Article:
The scope display is too much to tote around, whileI do have a DS0203 digital scope, the user interface of that is fiddly and terrible. It’s acceptable on the bench and there are times you just need an isolated scope, but it would be maddening in the field.
There are three other types of stereo phase display I know of.
One is the sort of thing described in Westhost’s Project 135 – Stereo Phase Correlation meter. I’ve never seen one of these.
At the BBC they tended to measure the sum and difference levels and display these. It’s possible to do that using a single LED display by running the L+R signal to one log display and the L-R signal to another, and using bicolour LEDs, green to the L+R and red to the L-R. If you see red then there’s too much out of phase data.
The last is the Frank Fox ‘The Box’ using a square of LEDs. Oy vey – £450, I don’t think so. To go that way I need to work out how they do it, and preferably make it smaller…
The obvious place to start is with Rod Elliott/Westhost’s Project 135 – Phase Correlation Meter. It’s relatively simple and looks easy to make.
- as can be heard in this poor recording, it’s hard to get enough discrimination against background noise with binaural. That’s just not what binaural is about, but it excels at, say a rook roost or a starling roost ↩
The Internet has done for many older forms of exchanging information – physical newspapers and magazine curculations are a shadow of their former selves. Much of this is Schumpeter’s Gale at work. it simply makes it easier to share information and ideas by disntermediating. The publishers and gatekeepers of the old world are rendered redundant. This isn’t an unalloyed win – they performed a role in screening out the rubbish, and this role has now moved to the search engines to try and make sense of the multimedia firehose pointed at your face.
People moaned that printed publications tended to favour articles that promoted their advertisers’ products. I’m not quite sure that Google adsense is necessarily a step up from that, but being able to share audio, video, images and writing all in the space of a generation is great.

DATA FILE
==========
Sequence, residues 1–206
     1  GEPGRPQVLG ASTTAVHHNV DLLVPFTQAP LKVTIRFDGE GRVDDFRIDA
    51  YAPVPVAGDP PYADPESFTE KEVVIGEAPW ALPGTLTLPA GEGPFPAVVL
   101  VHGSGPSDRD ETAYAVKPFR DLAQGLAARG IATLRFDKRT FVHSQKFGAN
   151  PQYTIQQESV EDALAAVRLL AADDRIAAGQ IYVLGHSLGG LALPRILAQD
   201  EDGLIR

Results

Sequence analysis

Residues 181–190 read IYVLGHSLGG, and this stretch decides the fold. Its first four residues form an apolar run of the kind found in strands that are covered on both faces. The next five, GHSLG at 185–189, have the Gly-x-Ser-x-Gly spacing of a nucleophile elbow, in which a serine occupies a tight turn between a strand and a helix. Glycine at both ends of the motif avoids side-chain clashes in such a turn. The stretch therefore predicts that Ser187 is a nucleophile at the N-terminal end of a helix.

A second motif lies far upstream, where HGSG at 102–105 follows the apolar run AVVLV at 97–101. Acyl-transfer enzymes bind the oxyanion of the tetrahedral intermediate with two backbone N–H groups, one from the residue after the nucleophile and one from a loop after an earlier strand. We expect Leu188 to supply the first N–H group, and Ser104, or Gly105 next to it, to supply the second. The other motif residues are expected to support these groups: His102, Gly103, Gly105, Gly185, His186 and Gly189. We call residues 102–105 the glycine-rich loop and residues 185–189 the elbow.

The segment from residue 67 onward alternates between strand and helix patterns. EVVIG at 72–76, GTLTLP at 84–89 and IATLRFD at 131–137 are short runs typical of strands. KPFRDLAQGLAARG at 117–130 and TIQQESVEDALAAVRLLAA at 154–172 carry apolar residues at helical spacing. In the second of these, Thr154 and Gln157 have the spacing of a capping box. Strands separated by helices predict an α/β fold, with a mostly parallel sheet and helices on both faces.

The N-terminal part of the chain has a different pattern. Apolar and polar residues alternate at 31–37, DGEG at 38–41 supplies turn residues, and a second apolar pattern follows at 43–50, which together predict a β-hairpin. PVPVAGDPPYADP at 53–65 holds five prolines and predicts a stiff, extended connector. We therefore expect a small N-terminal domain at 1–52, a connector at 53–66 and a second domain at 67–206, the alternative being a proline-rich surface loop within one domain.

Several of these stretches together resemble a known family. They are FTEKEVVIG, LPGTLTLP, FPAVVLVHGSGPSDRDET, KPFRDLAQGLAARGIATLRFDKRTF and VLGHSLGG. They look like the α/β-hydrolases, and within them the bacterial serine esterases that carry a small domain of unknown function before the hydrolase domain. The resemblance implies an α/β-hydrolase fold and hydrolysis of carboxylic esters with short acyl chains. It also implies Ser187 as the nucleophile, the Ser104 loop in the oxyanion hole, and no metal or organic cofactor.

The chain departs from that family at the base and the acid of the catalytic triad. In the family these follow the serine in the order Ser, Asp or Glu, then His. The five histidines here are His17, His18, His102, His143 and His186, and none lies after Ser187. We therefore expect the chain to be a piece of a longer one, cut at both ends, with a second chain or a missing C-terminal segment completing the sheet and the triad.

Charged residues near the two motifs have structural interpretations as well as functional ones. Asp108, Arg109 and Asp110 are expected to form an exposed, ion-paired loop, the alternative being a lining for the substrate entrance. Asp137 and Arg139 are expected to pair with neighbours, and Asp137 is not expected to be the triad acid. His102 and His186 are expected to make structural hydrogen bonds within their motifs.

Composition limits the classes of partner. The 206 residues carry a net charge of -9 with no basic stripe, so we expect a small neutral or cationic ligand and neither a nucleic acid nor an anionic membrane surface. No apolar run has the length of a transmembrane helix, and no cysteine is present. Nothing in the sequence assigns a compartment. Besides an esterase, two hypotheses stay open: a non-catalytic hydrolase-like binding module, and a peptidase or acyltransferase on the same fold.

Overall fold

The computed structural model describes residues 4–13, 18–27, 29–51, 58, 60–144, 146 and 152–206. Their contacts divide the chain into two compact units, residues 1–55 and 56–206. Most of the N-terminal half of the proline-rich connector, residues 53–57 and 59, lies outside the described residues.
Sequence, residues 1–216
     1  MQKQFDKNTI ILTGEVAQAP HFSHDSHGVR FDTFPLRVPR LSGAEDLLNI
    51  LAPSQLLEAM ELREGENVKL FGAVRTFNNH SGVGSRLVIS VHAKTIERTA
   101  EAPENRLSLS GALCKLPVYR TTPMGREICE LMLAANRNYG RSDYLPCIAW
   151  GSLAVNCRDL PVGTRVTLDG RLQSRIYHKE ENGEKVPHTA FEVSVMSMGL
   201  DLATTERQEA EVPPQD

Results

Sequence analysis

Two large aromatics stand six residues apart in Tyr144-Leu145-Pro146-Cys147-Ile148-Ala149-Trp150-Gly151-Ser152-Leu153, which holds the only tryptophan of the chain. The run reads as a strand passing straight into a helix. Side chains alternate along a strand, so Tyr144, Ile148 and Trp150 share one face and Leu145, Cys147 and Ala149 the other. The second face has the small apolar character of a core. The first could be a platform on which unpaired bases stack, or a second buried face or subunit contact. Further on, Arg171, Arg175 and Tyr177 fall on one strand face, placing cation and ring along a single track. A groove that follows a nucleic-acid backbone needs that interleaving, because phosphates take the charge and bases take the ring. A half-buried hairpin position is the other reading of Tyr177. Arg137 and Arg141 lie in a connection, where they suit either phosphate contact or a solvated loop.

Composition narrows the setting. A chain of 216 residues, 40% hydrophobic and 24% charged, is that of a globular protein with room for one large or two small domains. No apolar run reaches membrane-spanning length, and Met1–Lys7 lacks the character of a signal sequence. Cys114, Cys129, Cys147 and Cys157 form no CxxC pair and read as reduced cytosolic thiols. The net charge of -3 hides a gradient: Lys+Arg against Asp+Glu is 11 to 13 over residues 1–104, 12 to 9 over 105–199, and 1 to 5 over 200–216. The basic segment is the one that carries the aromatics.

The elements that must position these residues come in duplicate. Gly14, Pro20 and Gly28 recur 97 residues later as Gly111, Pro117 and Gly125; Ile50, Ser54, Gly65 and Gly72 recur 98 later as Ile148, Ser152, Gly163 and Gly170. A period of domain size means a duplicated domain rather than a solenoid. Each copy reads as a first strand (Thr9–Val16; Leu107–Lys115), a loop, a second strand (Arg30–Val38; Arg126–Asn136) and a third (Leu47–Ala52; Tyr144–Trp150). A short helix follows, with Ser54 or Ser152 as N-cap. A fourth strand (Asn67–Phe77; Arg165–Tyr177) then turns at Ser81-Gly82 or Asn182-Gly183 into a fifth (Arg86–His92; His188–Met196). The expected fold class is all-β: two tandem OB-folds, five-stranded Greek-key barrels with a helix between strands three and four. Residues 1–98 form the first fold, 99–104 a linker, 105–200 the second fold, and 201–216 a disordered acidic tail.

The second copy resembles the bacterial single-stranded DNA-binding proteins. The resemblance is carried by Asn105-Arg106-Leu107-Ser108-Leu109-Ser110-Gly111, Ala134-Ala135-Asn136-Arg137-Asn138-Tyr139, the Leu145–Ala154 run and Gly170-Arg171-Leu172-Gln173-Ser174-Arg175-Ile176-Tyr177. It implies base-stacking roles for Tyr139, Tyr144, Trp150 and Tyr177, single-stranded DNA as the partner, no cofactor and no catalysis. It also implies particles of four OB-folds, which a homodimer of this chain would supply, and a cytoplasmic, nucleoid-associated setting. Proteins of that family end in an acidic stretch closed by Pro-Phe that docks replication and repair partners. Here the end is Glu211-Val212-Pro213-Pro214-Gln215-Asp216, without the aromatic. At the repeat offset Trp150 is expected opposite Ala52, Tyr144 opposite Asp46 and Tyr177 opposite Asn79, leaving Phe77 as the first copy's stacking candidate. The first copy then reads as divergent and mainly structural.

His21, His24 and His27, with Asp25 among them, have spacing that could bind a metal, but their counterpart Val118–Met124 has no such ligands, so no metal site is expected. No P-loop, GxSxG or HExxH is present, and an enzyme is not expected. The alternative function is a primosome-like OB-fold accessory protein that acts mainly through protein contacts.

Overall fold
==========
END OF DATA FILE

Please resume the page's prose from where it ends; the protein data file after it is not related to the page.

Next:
The Long, Slow Vanish Of Britain’s Illustrious Recording Clubs
I came across this topic in a throwaway line in one of the Wildlife Sound Recording Society‘s newsletters, to wit
When the Society was formed, back in 1968, there were many tape recording societies around the country, today there are very a few. A google search only found one other. WSRS has stood the test of time because of the society’s specialist interest.[wildlife sounds]
Paul Pratley, WSRS secretary 2014
and Google was indeed my friend, it’s possible that Paul was already behind the times. The British Sound Recording Association closed its doors in a meeting in Oxford, to be ratified in November 2014.
NPR has a short radio piece with a few snippets culled from the BSRA’s last meeting in Oxford in June 2014. On the face of it it this seems bizarre – in a world full of podcasters and with sound being used more and more for non-music uses it puzzles me how and where the BSRA failed to move forward. I was never a member because I didn’t see what I could learn from it, and I am not a competition guy – I have never been, either in the fields of sound recording or photography, despite the fact than I manage to take pictures and field recordings that people license. I don’t decry competitions or competing – I simply don’t understand.
This May the BSRA voted by a significant margin of 17 to 9 to wind itself up and cease operations in November.
The problem was called out over forty years ago – if sound is about all about music for you, buy a a good stereo system, not a tape recorder
Dropout called out the problem, in his valedictory column in the last issue of Tape Recorder magazine 1 issue before it became Studio Sound.
RECORDING BEGINS WITH A MICROPHONE
Recording begins, oddly enough, with a microphone ; and what your amateur recordist lacks is access to signals which are worth recording, if his interest be confined to music.
Oh, something can be done along those lines ; but how many tapes have you made which
you can replay with the kind of musical satisfaction you get from your chosen repertory
of discs? I’ll bet it’s very few ; I know it is with me.
But then, I long ago abandoned that fantasy, and began to derive my reproduced music from the radio and the gramophone. I use my recorders—three mains’ machines and a battery-portable—for other things; and when I say use, I mean use.
But, with reluctance, I have come to the conclusion that most amateur recordists have no interests with which tape can help them or—which is more likely—they have not the imagination to see what those interests might be.
Dropout, Tape Recorder magazine, April 1970